Monday, 1 August 2011

Mine's bigger than yours . . .the Megapixel Myth

Well, I've taken the last photographs of the Australian National Indoor Cricket Championships, now there's just a few days of editing and publishing photos on the website to go (read my posts on the Australian National Indoor Cricket Championships and see photos of the four Australian Champion teams HERE).

I've been asked a lot this past week about photographing sport, camera gear, websites, selling photographs, how to get started in photography, and the most asked question: "how many megapixels is that camera?".

Okay, in this post I'm going to try to address that last question--well, more specifically, I'm going to address why that last question is totally meaningless. But if you know all about the Megapixel Myth, perhaps you'd like to put the kettle on and have a cuppa while I carry on.

Not long after buying my Nikon D700, I had to concentrate and specifically remember exactly how many megapixels my camera had. Not because it's all that important (trust me, it's NOT ALL THAT IMPORTANT), but because I got asked it so many bloody times and people thought I was lying when I replied "I don't know" and/or "number of megapixels isn't important". I still say that, but I then add the number to make folk happier. There are a host or reasons why the number of Megapixels is not important. I'll concentrate on the most obvious.

Comparing number of megapixels in different cameras is about as helpful as comparing number of seats in different cars. It doesn't help determine which camera/car is "better" than another camera/car. Let me explain: car A is better than car B because car A has 6 seats, whereas car B only has 4. So car A has to be better, right? Okay, what if car A has those 6 seats crammed into a car as big as a tiny little BMW Mini, and car B has its 4 seats in a body as big as a Land Rover? As far as comfort for its passengers, which car is "best"? And what about road-holding? Speed? Cornering ability? Fuel economy? The number of seats tells you pretty well nothing other than . . . the number of seats.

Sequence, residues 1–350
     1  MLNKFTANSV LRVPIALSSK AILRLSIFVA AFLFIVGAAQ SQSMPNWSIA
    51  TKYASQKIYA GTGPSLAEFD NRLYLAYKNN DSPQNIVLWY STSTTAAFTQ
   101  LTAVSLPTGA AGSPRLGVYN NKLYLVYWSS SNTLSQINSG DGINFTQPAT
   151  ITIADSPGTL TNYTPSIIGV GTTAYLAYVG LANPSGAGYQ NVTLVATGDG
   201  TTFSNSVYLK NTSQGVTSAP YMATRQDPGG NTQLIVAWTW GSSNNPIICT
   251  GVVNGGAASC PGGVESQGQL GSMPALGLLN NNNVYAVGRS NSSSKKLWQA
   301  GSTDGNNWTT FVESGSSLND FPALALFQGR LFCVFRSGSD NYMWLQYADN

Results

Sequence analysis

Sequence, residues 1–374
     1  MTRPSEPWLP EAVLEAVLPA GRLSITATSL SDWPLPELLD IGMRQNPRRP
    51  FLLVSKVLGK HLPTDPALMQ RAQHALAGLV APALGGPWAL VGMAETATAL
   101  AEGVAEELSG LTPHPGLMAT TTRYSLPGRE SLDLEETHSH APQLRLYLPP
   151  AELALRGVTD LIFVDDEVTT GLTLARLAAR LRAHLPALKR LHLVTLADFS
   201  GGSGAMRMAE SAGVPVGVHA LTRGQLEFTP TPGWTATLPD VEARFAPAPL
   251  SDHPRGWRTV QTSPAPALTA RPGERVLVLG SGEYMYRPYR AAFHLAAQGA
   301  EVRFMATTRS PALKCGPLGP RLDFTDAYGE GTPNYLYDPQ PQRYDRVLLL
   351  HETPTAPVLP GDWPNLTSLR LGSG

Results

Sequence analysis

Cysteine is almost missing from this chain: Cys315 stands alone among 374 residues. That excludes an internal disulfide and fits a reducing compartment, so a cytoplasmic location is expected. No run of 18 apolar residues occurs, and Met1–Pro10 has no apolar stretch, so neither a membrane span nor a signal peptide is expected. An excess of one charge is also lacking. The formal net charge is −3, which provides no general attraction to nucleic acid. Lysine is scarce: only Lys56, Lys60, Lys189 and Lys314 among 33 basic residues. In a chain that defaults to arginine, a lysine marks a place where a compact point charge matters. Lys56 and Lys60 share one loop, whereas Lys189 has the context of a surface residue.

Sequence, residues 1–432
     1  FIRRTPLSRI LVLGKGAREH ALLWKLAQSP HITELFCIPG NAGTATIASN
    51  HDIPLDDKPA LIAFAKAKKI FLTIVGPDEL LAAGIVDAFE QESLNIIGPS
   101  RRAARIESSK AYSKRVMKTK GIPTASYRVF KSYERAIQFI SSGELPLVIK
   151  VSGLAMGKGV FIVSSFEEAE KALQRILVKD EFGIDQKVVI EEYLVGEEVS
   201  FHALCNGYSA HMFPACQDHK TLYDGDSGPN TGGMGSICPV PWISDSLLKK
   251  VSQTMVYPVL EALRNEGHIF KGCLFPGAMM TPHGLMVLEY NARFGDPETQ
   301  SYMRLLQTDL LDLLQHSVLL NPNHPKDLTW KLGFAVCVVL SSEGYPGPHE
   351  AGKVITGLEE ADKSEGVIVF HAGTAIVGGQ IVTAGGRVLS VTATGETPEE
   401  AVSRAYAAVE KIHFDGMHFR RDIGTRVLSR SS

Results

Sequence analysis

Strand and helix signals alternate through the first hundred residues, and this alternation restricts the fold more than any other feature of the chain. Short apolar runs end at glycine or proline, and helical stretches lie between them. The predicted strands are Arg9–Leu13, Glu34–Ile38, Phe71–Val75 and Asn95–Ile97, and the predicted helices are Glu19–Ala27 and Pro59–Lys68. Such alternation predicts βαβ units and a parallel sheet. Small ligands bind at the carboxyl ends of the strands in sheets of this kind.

So it is for megapixels. Please note, the following discussion takes some small liberties with exact scientific definitions, but it is accurate, so please, no scientific arguments on the exact nature of such matters.

Pixels are tiny little electronic receptors that "see" light. Individually they are just a dot in a photo, but put them all together and you have your photograph. Aha I hear you cry, so the more of them you have, the more detail in a photograph. Well no, not quite.

Pixels are located on what is known as a "sensor". For those who know what I'm talking about, the sensor can be considered the same as a piece of "film". So 5 megapixels is 5 million pixels (no, "mega" doesn't just mean "big", technically it means "million"). Sensors come in a wide range of sizes . . . you can see where this is leading, right? Good, read on.

To accurately record the light they "see", pixels need to be a very particular and exact shape. The smaller they are, the harder it is to make and arrange them accurately. The more you fit together on a sensor, the smaller they become. It reaches a point where they become so small that they lose some of their accuracy and do not give you as sharply detailed a photo.

Another thing about pixels is that each and every one of them is connected electronically to the camera's processor. Like all electronic devices, pixels give off electronic "interference", and in turn are affected by electronic interference of nearby appliances. Operate your power tools next to your television and you may just see what that interference looks like on your tv screen.